Ellen G. White Writings

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In Heavenly Places, Page 68

Whom God Accepts, March 2

To this man will I look, even to him that is poor and of a contrite spirit, and trembleth at my word. Isaiah 66:2.

Those who search for worldly distinction and glory make a sad mistake. It is the one who denies self, giving to others the preference, who will sit nearest to Christ on His throne. He who reads the heart sees the true merit possessed by His lowly, self-sacrificing disciples, and because they are worthy He places them in positions of distinction, though they do not realize their worthiness and do not seek for honor....

God places no value on outward display or boasting. Many who in this life are looked upon as superior to others will one day see that God values men according to their compassion and self-denial.... Those who follow the example of Him who went about doing good, who help and bless their fellow men, trying always to lift them up, are in God's sight infinitely higher than the selfish ones who exalt themselves.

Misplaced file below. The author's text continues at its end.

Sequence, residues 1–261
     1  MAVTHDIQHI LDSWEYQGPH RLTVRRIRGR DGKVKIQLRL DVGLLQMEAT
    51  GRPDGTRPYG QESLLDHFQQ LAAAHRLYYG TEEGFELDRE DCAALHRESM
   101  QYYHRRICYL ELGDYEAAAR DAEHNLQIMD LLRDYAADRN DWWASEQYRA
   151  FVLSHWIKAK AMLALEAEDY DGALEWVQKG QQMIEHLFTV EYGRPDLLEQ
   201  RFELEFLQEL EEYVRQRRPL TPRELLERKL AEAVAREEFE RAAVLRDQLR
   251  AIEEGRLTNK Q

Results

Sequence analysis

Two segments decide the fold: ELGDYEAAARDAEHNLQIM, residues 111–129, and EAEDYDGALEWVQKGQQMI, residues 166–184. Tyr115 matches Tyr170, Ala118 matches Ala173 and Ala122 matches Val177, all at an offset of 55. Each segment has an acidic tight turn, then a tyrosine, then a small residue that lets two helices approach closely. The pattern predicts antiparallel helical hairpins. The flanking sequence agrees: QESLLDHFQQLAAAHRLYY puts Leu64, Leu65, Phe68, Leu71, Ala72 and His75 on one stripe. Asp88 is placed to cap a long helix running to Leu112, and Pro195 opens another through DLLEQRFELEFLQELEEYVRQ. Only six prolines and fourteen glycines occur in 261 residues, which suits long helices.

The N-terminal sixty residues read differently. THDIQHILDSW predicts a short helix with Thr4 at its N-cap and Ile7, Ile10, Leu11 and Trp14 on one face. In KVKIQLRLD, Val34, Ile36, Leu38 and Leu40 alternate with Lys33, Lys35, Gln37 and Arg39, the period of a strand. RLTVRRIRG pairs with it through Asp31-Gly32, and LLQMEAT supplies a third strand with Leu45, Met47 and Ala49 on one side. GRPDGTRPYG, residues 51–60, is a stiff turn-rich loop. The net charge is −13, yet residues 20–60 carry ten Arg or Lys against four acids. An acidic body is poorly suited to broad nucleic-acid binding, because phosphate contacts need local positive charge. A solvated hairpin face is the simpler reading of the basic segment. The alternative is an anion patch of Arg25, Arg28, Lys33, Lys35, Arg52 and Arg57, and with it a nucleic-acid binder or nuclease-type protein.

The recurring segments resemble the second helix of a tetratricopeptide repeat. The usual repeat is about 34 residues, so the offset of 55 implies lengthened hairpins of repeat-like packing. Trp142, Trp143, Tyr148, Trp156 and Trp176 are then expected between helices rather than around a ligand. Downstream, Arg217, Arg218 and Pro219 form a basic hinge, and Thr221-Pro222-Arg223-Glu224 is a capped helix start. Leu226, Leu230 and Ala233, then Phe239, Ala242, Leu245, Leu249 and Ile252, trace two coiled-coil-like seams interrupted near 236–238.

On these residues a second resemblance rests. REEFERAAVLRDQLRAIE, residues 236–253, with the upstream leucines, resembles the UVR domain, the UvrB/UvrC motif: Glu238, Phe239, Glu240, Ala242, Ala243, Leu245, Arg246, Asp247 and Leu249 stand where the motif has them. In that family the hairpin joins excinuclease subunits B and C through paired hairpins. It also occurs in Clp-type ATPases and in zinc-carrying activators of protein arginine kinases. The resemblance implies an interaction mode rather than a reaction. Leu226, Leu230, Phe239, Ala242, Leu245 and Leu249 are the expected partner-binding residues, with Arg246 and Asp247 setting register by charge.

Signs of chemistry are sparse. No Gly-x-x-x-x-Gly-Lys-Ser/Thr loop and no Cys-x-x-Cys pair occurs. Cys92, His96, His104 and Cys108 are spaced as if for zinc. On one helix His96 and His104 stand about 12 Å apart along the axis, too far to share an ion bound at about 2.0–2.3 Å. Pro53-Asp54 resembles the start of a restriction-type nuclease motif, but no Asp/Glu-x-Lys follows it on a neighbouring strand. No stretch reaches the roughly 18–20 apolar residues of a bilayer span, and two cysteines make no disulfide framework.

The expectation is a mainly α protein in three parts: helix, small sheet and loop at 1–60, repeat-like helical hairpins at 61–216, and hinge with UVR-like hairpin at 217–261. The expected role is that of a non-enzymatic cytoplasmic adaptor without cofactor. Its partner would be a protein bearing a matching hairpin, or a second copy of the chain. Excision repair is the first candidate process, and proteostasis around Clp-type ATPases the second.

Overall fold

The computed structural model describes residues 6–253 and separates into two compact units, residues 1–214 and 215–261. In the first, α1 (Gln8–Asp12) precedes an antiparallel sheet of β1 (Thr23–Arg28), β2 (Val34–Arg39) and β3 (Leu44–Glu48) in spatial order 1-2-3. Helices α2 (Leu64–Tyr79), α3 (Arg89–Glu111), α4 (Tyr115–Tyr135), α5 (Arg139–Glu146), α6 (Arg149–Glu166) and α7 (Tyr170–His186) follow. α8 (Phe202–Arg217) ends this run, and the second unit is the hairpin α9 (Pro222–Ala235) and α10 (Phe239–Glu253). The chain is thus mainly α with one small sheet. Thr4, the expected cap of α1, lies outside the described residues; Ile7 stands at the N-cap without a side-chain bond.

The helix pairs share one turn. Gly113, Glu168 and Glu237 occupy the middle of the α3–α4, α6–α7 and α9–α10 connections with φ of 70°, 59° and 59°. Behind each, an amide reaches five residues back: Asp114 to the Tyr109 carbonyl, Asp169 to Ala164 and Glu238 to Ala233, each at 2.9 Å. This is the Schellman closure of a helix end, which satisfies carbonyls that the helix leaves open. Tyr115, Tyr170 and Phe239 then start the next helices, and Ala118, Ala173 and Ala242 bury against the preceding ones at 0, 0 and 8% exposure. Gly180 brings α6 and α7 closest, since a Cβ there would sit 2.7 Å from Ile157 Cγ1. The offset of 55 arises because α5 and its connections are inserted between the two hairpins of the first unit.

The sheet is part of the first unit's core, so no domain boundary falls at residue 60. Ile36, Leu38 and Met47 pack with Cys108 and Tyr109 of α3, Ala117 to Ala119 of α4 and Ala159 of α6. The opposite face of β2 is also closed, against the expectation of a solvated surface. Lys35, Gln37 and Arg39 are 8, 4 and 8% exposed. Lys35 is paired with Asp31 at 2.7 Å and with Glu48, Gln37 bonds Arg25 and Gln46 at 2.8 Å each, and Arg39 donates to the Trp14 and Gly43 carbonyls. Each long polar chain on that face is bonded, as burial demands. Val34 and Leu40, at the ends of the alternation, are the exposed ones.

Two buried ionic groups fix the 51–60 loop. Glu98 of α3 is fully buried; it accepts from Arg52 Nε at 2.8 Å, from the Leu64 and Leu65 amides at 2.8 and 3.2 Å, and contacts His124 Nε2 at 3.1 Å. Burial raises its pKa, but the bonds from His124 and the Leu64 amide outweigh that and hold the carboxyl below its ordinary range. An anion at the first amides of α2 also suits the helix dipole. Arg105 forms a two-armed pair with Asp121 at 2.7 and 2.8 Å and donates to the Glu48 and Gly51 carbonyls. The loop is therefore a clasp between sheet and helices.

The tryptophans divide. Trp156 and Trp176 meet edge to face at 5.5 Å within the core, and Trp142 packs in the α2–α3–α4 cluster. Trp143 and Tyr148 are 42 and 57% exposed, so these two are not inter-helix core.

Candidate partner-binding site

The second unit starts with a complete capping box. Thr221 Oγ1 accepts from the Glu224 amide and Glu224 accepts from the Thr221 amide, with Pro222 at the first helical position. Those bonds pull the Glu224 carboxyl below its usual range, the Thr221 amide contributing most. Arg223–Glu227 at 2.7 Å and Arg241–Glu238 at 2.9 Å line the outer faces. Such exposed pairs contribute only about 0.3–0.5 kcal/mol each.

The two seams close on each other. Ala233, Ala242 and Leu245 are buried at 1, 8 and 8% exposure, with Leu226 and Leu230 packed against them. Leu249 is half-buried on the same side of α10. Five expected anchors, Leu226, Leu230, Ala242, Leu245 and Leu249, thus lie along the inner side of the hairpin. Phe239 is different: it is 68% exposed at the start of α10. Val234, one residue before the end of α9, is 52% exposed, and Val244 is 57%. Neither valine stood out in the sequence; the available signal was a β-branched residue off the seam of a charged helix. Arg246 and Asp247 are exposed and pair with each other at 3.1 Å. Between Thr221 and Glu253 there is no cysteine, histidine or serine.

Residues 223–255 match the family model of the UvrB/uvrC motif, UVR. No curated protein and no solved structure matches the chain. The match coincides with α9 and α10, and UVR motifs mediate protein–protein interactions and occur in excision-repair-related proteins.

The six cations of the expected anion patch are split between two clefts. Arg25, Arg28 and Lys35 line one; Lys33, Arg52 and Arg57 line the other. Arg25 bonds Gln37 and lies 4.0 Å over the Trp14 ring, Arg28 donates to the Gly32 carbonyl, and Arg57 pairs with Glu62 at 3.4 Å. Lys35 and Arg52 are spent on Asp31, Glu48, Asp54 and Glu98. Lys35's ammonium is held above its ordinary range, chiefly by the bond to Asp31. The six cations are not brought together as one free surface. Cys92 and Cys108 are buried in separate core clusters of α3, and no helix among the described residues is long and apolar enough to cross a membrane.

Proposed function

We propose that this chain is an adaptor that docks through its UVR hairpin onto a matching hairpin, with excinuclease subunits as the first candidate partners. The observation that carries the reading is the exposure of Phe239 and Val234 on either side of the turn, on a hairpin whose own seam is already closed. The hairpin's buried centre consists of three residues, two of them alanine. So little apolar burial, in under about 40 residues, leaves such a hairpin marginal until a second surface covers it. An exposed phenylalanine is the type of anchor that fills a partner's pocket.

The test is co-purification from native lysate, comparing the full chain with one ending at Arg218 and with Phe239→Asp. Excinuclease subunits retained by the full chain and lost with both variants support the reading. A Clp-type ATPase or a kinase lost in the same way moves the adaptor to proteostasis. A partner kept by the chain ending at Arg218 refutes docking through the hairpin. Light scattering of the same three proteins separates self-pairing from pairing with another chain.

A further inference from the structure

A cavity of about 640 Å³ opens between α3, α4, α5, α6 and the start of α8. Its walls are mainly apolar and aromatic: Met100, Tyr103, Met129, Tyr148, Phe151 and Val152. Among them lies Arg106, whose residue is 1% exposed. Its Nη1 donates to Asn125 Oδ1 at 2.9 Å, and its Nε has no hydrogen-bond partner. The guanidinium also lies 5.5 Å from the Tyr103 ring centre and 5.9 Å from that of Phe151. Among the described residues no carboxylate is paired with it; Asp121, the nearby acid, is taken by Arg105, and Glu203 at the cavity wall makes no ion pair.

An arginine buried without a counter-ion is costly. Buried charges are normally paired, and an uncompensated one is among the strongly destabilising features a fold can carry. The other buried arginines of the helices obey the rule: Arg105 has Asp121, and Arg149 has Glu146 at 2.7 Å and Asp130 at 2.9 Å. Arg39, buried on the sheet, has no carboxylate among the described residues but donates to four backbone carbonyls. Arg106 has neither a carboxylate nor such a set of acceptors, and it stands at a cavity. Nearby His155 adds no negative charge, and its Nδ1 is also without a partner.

God does not accept men because of their capabilities, but because they seek His face, desiring His help. God sees not as man sees. He judges not from appearances. He searches the heart, and judges righteously. “To this man will I look,” He declares, “even to him that is poor and of a contrite spirit, and trembleth at my word.” He accepts and communes with His lowly, unpretentious followers; for in them He sees the most precious material, which will stand the test of storm and tempest, heat and pressure.

Our object in working for the Master should be that His name may be glorified in the conversion of sinners. Those who labor to gain applause are not approved of God....

Humble workers, who do not trust in their great gifts, but who work in simplicity, trusting always in God, will share in the joy of the Saviour. Their persevering prayers will bring souls to the cross. Heavenly angels will respond to their self-sacrificing efforts....

These workers are trees of the Lord's planting. In a peculiar sense they bear fruit equal to the fruit borne by the apostles. A rich reward awaits them in the future life.2The Review and Herald, July 4, 1907.

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